I haven’t seen this work. Since I haven’t seen it work, I’m not going to do it. For the next few paragraphs I’m going to call it negative feedback. In the next post, we’ll circle back replace this terminology with something more accurate.
Here’s another example: I have seen advice to put negative feedback in between two positive pieces (the shit sandwich) so the recipient focuses less on the negative part.
I haven’t exactly seen this work, either. Usually one of two things happens instead. 1) The recipient knows about the shit sandwich and assumes that the positive pieces are only there to package the negative piece, so they still focus on the negative piece. 2) the recipient doesn’t know about the shit sandwich when the positive pieces are only there to package the negative piece, and their presence downplays the urgency with which the recipient needs to address the negative feedback. Then, later, they get burned for not addressing the feedback because they underestimated the urgency. We have talked about the general case of misestimating feedback urgency in this post on “negative” emotions in the workplace.
Here’s a more advanced guideline for feedback that I have seen in play at a a few workplaces: make the feedback actionable, specific, and kind.
This is getting closer to our goal of helping people and organizations improve: it tells the feedback recipient how to improve, on what, without explicitly insulting them.
But it still isn’t the full picture.
Can you remember a time when you tried really hard to give someone actionable, specific, and kind feedback, and they still got upset, or didn’t seem to get better? In this way, the question of how to give feedback can start to feel like an eight-armed monster: no matter which arm you’re focused on, you end up slapped by some other arm.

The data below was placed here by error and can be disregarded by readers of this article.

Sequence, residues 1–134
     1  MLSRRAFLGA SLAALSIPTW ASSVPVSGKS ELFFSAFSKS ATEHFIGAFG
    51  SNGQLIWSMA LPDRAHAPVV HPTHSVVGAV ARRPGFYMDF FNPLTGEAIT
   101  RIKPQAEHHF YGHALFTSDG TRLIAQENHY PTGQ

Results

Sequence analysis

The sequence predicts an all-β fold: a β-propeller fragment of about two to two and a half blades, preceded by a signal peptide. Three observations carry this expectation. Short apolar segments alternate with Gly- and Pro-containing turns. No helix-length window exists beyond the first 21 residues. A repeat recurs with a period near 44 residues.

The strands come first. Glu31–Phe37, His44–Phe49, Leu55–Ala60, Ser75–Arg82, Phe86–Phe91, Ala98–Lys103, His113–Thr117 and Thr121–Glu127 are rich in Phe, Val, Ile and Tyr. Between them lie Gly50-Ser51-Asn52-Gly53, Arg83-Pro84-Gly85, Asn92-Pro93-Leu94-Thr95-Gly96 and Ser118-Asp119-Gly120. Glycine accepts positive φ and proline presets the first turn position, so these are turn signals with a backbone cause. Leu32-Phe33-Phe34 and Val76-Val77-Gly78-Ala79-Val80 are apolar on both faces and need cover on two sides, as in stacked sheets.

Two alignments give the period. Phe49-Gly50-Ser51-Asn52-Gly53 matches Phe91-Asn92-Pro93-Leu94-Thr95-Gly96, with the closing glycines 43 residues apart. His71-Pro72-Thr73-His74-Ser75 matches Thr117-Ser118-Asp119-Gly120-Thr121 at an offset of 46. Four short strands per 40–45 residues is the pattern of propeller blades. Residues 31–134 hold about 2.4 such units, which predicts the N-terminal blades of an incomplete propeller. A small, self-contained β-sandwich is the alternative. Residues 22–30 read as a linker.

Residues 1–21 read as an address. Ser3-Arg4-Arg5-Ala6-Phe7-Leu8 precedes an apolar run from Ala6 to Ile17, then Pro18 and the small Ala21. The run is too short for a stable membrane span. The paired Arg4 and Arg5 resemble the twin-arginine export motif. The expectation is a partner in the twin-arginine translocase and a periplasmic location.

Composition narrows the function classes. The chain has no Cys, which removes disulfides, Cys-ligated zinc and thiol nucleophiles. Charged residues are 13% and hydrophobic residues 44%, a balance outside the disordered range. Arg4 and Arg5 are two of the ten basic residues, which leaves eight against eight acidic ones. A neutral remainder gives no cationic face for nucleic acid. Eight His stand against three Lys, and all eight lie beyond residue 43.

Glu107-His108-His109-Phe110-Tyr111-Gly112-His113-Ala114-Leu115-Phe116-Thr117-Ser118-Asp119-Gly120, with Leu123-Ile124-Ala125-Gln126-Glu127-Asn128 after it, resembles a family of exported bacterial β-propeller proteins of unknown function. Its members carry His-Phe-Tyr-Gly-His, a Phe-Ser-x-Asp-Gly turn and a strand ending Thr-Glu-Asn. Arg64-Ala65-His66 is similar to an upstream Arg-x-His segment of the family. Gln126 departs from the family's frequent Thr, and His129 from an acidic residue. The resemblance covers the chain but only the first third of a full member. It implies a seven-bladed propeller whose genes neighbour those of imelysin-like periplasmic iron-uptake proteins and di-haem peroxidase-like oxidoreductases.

The actionable, specific, kind framework still fails to address two specific issues. First, it doesn’t address urgency. Second, the word kind suggests that the feedback giver has control over whether the feedback is perceived as kind. And they don’t.
Why would the feedback giver not have control over whether their feedback is perceived as kind?
Here are a few examples:
- The recipient did not consent to this feedback, so its receipt was unwelcome.
- The recipient doesn’t prioritize the skill that this feedback is about, so the receipt of this feedback feels like a request that they change their priorities.
- The recipient was not expecting negative feedback and the receipt of this feedback was a surprise. This sometimes even happens when people ask for feedback—for example, when someone asks for “feedback” when the thing they really want is validation.
When our feedback is perceived as unkind, bad things can happen. Maybe the recipient gets upset. Maybe they complain about how mean we were. Maybe we even look like a jerk. And maybe we get branded as “abrasive,” “aggressive,” or “bitchy” for having endeavored to give this feedback in the first place. People who get branded with these terms don’t get promoted.*
*If you’re not white and male, this particularly negative outcome is even more likely to happen to you.
Now our efforts to make this company or person better have had the result of hurting our career.
In this post, we have given some serious thought to the benefits and consequences of giving feedback. When we give feedback that people perceive as helping them get better, we can improve the team, get recognition, build our professional relationships, and raise the chances that our colleagues will reciprocate by giving us valuable feedback to improve ourselves.
That said, we do not have full control over whether people perceive our feedback as helping them get better. No matter how we put our feedback, it can evoke umbrage if it is unexpected, non-consensual, or not on a topic that the recipient cares about. In these cases, the recipient might ignore the feedback, seek repercussions against us for giving the feedback, or both.
So how do we put ourselves in the best position to only give feedback when it will be well-received—or at least received in a way that won’t hurt us? That’s the topic of the next post.